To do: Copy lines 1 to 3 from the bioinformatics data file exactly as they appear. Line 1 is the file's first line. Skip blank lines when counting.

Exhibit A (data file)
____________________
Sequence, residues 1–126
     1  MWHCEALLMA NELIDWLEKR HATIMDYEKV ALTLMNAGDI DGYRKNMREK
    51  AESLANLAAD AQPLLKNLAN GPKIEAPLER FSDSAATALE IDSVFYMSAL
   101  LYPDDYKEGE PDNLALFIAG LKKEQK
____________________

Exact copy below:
Sequence, residues 1–126
     1  MWHCEALLMA NELIDWLEKR HATIMDYEKV ALTLMNAGDI DGYRKNMREK
    51  AESLANLAAD AQPLLKNLAN GPKIEAPLER FSDSAATALE IDSVFYMSAL